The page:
Donut King Identity and Environment

Donut King Identity and Environment

Lorenc Design, Atlanta, Georgia, 1996


The owner of six small breakfast spots located near public transportation tried to capture commuters with “down home” simplicity. The result was small, fluorescent-lit storefronts as devoid of life as a doughnut hole. Lorenc Design was invited to help restore their market appeal.

Lorenc Design, avoiding traditional fast-food associations, developed a design scheme that converted Donut King into a tour de force of doughnut culture in America, using ’60s-style typography and a cup ’n’ saucer logo for the identity. Customized interlocking patterns were developed for use on the floor tiles, poster graphics, and canopies, lending continuity to the six stores. Lorenc Design also designed a bistro “donut table,” “donut chair,” and “sunrise” cafe canopies over the serving area. Food graphics used on posters and etched glass windows in front of the bakery echo the floor and canopy patterns.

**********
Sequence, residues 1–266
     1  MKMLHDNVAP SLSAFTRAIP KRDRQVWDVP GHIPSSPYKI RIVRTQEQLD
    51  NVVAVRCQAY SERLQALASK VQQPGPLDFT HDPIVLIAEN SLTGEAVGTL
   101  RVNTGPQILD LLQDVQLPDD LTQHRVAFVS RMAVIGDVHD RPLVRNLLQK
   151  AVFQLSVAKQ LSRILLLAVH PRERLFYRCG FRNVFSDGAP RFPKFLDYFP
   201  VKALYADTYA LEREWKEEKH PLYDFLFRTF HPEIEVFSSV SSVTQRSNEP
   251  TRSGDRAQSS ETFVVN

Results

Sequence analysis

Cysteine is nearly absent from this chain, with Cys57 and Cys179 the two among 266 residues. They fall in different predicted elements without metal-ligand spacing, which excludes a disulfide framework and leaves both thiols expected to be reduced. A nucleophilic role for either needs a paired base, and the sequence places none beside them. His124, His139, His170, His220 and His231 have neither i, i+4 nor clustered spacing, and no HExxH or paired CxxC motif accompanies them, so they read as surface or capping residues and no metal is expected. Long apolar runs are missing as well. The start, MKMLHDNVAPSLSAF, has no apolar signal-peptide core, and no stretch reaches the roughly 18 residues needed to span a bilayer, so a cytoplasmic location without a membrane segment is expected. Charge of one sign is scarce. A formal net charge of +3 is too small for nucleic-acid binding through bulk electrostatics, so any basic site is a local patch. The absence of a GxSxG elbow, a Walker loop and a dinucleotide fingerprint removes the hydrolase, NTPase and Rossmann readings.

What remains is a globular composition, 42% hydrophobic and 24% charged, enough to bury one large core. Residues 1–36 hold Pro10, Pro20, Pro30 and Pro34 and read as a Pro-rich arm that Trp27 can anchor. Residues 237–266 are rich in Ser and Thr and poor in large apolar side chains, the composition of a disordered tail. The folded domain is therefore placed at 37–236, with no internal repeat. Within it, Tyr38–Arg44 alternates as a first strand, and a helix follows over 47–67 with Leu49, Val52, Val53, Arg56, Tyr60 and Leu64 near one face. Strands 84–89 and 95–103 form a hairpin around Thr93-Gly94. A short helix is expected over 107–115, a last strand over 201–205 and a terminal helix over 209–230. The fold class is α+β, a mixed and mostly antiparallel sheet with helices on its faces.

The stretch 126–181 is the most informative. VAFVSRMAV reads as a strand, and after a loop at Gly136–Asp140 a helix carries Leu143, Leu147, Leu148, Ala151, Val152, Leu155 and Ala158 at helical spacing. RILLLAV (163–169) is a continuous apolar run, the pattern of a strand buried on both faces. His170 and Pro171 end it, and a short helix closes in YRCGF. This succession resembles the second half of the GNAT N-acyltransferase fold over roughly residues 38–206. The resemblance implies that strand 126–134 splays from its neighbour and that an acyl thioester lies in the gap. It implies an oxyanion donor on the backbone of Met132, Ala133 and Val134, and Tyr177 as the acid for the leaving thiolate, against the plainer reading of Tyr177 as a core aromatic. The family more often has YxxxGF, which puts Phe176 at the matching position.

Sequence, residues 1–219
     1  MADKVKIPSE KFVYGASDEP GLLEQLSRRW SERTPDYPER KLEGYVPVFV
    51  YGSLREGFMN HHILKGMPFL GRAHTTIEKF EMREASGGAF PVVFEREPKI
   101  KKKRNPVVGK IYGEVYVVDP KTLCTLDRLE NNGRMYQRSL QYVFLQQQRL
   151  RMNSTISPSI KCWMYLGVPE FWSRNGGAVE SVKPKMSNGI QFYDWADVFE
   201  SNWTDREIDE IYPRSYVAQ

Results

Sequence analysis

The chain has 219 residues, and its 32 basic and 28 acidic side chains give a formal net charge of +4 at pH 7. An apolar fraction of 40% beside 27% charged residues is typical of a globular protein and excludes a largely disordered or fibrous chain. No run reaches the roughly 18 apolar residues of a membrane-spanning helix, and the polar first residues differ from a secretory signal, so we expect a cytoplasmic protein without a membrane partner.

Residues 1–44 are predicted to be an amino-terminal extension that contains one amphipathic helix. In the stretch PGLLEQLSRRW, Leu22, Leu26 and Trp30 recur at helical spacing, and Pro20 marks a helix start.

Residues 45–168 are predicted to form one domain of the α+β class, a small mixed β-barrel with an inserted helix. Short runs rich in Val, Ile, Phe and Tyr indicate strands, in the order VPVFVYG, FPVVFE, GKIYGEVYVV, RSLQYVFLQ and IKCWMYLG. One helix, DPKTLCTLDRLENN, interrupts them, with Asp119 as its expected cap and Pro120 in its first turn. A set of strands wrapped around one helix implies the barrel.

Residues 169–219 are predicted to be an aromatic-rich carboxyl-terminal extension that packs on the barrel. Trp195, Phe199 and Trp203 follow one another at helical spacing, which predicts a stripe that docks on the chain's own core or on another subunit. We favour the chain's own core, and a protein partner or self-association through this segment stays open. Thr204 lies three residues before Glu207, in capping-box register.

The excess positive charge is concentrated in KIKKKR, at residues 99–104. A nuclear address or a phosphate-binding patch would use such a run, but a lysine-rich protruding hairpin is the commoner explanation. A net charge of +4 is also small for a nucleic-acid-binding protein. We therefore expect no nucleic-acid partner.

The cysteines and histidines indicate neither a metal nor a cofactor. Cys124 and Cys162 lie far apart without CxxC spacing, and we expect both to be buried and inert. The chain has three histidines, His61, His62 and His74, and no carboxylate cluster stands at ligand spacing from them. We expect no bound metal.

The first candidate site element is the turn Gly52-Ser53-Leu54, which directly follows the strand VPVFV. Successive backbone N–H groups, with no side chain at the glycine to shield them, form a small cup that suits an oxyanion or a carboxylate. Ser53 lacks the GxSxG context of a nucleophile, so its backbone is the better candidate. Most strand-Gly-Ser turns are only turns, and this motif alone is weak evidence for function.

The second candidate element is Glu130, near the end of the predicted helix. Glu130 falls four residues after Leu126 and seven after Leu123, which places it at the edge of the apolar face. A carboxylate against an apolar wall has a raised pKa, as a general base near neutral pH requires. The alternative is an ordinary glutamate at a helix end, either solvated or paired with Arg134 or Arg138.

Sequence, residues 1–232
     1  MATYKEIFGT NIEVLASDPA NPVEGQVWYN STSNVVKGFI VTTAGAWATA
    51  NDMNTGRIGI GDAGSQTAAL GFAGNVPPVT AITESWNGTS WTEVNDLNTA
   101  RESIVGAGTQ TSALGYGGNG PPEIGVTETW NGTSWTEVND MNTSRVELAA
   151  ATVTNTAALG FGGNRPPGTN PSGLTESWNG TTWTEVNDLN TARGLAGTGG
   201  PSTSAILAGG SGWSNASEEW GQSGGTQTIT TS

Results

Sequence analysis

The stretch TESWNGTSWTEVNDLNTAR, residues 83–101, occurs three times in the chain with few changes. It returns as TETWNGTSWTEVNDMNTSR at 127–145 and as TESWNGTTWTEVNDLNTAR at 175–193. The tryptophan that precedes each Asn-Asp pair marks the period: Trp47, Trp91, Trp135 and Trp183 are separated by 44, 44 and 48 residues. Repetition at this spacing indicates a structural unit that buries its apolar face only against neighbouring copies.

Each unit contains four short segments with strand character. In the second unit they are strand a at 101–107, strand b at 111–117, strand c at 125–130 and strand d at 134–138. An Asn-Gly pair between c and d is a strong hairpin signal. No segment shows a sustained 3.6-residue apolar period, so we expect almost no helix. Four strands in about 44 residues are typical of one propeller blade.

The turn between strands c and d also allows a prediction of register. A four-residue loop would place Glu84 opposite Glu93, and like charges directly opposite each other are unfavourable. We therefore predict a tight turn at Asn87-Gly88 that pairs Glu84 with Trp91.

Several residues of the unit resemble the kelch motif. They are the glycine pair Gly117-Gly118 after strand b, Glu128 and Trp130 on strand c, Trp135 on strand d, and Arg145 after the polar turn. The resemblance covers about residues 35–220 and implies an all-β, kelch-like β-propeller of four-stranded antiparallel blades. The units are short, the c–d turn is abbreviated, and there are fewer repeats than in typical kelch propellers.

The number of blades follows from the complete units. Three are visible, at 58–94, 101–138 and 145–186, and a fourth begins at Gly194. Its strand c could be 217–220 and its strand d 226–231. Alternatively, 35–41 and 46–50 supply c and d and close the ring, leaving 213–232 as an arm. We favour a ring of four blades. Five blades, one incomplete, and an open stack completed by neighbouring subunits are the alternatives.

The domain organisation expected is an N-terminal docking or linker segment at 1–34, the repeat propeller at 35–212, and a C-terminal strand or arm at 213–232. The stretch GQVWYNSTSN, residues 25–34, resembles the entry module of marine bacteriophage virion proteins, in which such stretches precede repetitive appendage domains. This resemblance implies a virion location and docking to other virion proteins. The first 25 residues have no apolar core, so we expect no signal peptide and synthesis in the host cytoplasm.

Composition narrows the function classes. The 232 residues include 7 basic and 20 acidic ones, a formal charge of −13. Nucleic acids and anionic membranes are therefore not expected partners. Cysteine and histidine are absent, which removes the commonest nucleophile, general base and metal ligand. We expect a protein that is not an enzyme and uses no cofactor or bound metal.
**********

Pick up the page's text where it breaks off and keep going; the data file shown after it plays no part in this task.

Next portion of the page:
The design intent was to add humor and zest to the rush-hour breakfast. Like sprinkles on a frosted cruller, most of the experience is just for fun.

Collections: Design of Understanding 2
Repository: Denver Art Museum
Discipline: Information design
Format: Brand and identity systems, Artifact


Design firm
Lorenc Design
Creative director
Jan Lorenc
Project designer
Chung Youl Yoo
Graphic designer
Rory Myers
Sook Lim
Rory Myers
Rion Rizzo/Creative Sources Photography
Steve McCall
Interior designer
Janice McCall
Designers Workship Inc.
Donut King